"Why," just could be a question that pops into your thoughts. It all has to do with importers and roasters. There are over 70 countries cultivating coffee in the world, with the largest majority being those near the Equator in Central and South America.
There are roughly 20 popular varieties that every roaster is going to have, and to add to that number amounts to money. With economics being what they are, a roaster has to find something very distinct about a new coffee to be influenced to add this to his list.
Consider that the smallest roaster has to roast a bare minimum of 100 bags of green coffee per year. At current values each bag weighing 100 pounds would cost at least $350 as an average. All this depends where it comes from, as Jamaican Blue Mountain will bring a higher cost than Panama Boquete from Panama, or Mexican Altura, or even the standard for Arabica coffee from Costa Rica, Minita de Oro.
Add to this cost of transportation, which a roaster must bring at least 8 or 9 bags on a pallet to get a reasonable transportation cost and the cost per bag can increase dramatically. Then you have the shrinkage of 20% that evaporates as humidity when the coffee is roasted. Add overhead, and even a small roaster has to make nearly $100,000 per year to have a chance to survive.
So adding even 1 more variety, unless it's extremely exceptional, no matter how good, it doesn't make it to the U.S. market. While the Ecuadorian coffee is light, full bodied with wonderful acidity, it is too much like it's neighbors of Colombia and Peru. These countries have managed to build a much more stable coffee industry and therefore out maneuver Ecuador for the U.S. market.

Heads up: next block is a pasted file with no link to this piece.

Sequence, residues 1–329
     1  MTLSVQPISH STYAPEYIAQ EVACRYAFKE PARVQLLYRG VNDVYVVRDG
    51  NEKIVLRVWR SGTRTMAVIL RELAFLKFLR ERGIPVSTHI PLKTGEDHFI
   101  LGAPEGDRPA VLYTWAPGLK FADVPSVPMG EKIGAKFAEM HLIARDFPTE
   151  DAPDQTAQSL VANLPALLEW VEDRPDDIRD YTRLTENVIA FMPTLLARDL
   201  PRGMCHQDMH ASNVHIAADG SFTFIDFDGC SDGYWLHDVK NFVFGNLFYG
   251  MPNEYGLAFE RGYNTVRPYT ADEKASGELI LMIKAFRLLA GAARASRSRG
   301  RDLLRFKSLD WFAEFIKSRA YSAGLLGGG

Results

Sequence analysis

So the only likelyhood of Ecuador entering the U.S. will be through direct purchases from grower cooperatives to roasters interested not only in great coffee, but investing in the people and communities that have been denied the fruits of their labor for centuries!
Some do exist, such as Cooperative Coffees in Americus, Georgia. A fascintaing partnership compromised of 23 partner roasters at last count, who are all committed to foster direct purchases from grower co-ops, AND reinvest in those communities. These are "relationships" and not just the typical buy/sell business deals!
So motion is in the air to see this evolve in Ecuador as well, empowering another "people group" to be as sustainable, as others have become having taken advantage of this movement.